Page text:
A long-term collaborator with director Singing Chen (陳芯宜), Lou Yi-an (樓一安) hands in his feature debut A Place of One’s Own (一席之地), a socially conscious film with a multi-threaded narrative. Like Chen, Lou is a name to watch, showing great potential in his insightful observations on contemporary Taiwanese society. However, Lou’s debut displays weakness that also can be found in Chen’s God Man Dog (流浪神狗人). In dealing with modern existential angst, both films lack subtlety, and the anguish of their protagonists comes across as more constructed than felt. The pair will be irresistible if they overcome this defect.
Box office success Hear Me (聽說) cements up-and-coming director Cheng Fen-fen’s (鄭芬芬) status as a whiz kid of youthful romance. An award-winning scriptwriter, Cheng has a flair for storytelling and knows how to turn this talent to her advantage when yarning lighthearted romances starring young pop idols.
After his rather messy feature debut Do Over (一年之初), director Cheng Yu-chieh (鄭有傑) returns with well executed Yang Yang (陽陽), a coming-of-age story tailor-made for half-Taiwanese, half-French star Sandrine Pinna (張榕容). Shot mostly in long takes with handheld, fluid camera and natural lighting, the film excels in a masterful control of cinematography and succeeds in creating a complicated heroine through a simple, focused narrative.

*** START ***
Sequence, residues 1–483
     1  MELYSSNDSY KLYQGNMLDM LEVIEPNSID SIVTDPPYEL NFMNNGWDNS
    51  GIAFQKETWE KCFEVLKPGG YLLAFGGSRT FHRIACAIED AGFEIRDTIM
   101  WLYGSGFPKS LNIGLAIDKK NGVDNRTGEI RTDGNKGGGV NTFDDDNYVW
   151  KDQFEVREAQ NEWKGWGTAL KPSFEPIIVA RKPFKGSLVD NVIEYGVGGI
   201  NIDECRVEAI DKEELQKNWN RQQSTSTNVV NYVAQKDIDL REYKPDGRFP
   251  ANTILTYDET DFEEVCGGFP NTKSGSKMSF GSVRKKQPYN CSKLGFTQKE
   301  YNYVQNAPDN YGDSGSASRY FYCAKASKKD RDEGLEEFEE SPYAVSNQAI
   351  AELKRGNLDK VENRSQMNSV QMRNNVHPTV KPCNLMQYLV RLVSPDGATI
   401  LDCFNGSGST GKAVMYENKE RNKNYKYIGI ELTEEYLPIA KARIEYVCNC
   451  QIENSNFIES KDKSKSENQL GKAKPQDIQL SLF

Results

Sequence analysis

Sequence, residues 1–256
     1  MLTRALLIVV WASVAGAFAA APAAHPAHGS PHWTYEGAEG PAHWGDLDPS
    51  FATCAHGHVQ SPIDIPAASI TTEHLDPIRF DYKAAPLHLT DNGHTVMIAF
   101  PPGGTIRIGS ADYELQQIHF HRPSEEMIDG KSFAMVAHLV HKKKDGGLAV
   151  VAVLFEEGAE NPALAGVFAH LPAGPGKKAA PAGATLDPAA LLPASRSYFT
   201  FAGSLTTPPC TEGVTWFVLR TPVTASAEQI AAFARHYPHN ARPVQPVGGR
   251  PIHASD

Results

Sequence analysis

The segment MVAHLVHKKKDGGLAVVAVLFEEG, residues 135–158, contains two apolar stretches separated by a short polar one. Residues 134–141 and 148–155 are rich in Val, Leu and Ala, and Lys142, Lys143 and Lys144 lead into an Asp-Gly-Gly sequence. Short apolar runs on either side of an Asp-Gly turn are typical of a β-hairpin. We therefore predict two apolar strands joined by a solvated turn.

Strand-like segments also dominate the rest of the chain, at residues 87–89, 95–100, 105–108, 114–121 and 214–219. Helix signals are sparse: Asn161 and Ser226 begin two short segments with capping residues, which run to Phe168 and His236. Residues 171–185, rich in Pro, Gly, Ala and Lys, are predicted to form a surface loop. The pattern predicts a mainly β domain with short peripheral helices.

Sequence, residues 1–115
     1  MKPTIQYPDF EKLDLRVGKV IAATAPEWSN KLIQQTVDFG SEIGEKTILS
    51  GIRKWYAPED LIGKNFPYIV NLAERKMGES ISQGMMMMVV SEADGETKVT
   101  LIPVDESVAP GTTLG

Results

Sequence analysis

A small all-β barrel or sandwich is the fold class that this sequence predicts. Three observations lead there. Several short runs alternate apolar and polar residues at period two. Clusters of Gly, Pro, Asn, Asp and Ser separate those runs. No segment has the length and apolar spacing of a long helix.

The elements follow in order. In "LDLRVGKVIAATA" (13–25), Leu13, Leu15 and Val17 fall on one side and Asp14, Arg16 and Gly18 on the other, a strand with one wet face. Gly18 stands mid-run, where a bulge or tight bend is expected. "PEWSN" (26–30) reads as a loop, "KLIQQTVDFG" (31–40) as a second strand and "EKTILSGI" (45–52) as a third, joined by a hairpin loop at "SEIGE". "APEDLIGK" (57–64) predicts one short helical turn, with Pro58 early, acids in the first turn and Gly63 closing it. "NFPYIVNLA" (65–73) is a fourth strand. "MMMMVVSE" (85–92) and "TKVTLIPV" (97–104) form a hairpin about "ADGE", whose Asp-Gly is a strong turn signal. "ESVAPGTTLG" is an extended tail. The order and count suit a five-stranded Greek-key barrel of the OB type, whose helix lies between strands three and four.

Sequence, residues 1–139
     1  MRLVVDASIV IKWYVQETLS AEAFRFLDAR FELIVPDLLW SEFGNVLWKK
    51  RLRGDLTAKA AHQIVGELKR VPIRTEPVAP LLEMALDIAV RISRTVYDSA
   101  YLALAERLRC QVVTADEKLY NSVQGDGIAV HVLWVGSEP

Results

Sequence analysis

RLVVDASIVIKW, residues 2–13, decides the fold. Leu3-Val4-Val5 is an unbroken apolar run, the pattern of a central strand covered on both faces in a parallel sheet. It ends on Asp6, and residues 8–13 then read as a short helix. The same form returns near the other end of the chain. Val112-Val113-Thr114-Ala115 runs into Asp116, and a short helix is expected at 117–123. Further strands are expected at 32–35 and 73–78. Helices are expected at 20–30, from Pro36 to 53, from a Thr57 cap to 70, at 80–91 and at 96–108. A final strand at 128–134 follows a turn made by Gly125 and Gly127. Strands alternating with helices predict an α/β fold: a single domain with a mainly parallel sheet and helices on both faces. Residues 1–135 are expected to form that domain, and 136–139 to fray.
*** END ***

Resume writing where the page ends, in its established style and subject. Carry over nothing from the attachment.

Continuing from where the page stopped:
Finally, let’s not forget an old master who made Taiwanese cinema world famous. Tsai Ming-liang makes it to the Louvre with Face (臉) (runner up for Best Feature Film at Golden Horse), a deeply personal yet ambitious project posited as a cinematic dream in which the boundaries between life and film are blurred. With Face, Tsai once again proves that he is an artist like no other.
It has been 26 years since Nicholas Gould hosted his last Issues and Opinions radio show for ICRT a recording studio on Roosevelt Road. He remembers the familiar ‘whoosh’ as the door to the soundproof room closes and recognizes the carpet, but the recording equipment is gone, with half of the space being used for storage. Gould is filled with nostalgia as he greets his guests, two financial writers who are here to discuss Taiwan’s post-COVID-19 economy for his new podcast, Taiwan Matters. Gould had been thinking of revisiting his old career for a while, but being allowed access to